Kansas, like all states, sets time limits for filing lawsuits and other civil/criminal actions under its statutes of limitations laws.

These are imposed to create a fair system for all parties involved, allowing both the plaintiff and the defendant to plan and prepare accordingly.

The statute of limitations often affects personal injury claims in Kansas as the full extent of injuries from car collisions or other types of accidents may not be known until well after the incident. Sometimes, too, injuries develop later complications or damaged property is not fixed correctly and the error is not noticed until later.

Here’s what you need to know about the statute of limitations for personal injury claims in Kansas if you’re considering filing a lawsuit.

Personal injury statute of limitations in Kansas

In Kansas, the statutes of limitations are codified in the Kansas Revisor of Statutes.

The statute of limitations applies either from the date of the incident that caused your losses or the date that you discover — or reasonably should have discovered — the damage. This allows for the delayed onset of accident injury symptoms or a reasonable and temporary lack of awareness about any losses incurred.

For personal injury claims, the period is generally two years in Kansas but can vary from one to eight years, depending on the nature of the case.

The key factors involved are the age of the injured party, the kind of claim brought and the nature of the party you are attempting to hold liable for damages.

A civil action in Kansas is considered started when a petition is filed with the court if service of process is obtained, or the first publication is made for service by publication within 90 days after the petition is filed (this period can be extended by 30 days by the court if necessary).

Following is an outline of the main statute of limitation periods for various types of personal injury claims in Kansas:

  • Negligence: personal injury claims for negligence (most car accidents, slip and fall injuries, premises liability claims, etc.) have a statute of limitations of two years from the date of injury.
  • Wrongful death: if an incident resulted in a death, the injured party’s family can file a wrongful death claim against the defendant within two years of the incident.
  • Product liability: a lawsuit can be filed against a manufacturer or trader that produces or sells a faulty product (defective design, hidden defects, failure to warn, malfunctioning, etc.) within two years.
  • Medical malpractice: professional negligence or act or omission by a physician during treatment of a patient that deviates from accepted norms of practice in the medical community and causes an injury has a statute of limitations of two years.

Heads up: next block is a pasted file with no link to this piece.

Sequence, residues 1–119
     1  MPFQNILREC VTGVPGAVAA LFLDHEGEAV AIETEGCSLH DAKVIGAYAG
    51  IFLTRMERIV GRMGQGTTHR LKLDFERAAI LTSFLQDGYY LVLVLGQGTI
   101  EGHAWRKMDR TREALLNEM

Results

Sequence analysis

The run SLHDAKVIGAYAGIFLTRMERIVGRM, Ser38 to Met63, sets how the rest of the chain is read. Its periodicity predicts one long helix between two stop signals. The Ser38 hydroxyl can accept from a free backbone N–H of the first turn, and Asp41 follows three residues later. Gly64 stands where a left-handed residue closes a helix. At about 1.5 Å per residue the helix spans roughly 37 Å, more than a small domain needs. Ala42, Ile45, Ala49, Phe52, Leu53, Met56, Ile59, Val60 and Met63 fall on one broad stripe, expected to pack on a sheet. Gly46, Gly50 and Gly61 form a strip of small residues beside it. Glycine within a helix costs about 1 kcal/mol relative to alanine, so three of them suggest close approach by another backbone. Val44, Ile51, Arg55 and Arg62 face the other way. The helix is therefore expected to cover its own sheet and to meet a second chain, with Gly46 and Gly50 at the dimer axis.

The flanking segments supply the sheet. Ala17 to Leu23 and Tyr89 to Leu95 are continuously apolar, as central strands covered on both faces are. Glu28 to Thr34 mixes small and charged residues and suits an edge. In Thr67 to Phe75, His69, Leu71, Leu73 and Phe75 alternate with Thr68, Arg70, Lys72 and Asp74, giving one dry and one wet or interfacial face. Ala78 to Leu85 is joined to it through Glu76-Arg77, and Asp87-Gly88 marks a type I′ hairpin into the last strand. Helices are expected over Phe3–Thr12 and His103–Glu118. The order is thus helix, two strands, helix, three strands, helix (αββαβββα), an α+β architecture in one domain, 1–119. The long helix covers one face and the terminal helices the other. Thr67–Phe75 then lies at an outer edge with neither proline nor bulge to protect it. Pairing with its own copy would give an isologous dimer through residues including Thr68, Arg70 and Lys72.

Minor plaintiffs may be unable to negotiate or agree to a settlement. For such cases, the statute of limitations is extended to one year after their 18th birthday (but not more than eight years after the incident that caused the injury).

Statute of repose in Kansas

The statute of repose cuts off the right to take legal action after a specified period has elapsed, regardless of when the cause of injury occurred.

This is different from the statute of limitations, which imposes time limits for legal action based on when a plaintiff suffered harm.

The statute of repose is only applied to certain types of cases in Kansas. For instance, claims for construction defects are prohibited beyond 10 years after the construction is completed.

Deadline extensions and exceptions to the statute of limitations

The Kansas statute of limitations laws provide very strict rules about the timespan a plaintiff has to file a lawsuit.

Failure to do so within that limit will usually mean that you waive your right to file legal action against another party. However, that is not absolutely set in stone as there are some exceptions.

“Delayed discovery” can trigger an extension to the specified period. This effectively suspends the running of statutes of limitations if the plaintiff did not discover or could not reasonably have discovered the injuries that would cause the action against the defendant.

This may apply, for instance, in medical malpractice cases. However, the plaintiff’s reason for the failure to file a complaint within the statute of limitations will need to be proven. If the defendant fails to plead the statute of limitations rule in their answer, it can be waived by the court.

“Delayed discovery” should not be confused with the term “discovery” which is also used to describe a pre-trial process, where an examination of the facts and documents in the possession of opposing lawyers helps attorneys prepare for trial.

Part of this pre-trial process is for each party involved in the case to fill out a questionnaire (“interrogatory”). The discovery documents may also include medical reports, police reports and insurance filings, as well as victim and witness statements. These can greatly influence the chances of winning at trial.

Before you get to this stage, it’s best to retain a skilled lawyer to protect you from the types of strategies used by insurance companies and their defense teams when making a personal injury claim.

So, if you or a loved one has been injured in Topeka, speak to a personal injury lawyer at ITR Law during a free case evaluation. We will begin by advising you of your legal options and assessing how best to claim the compensation you deserve for your accident injuries.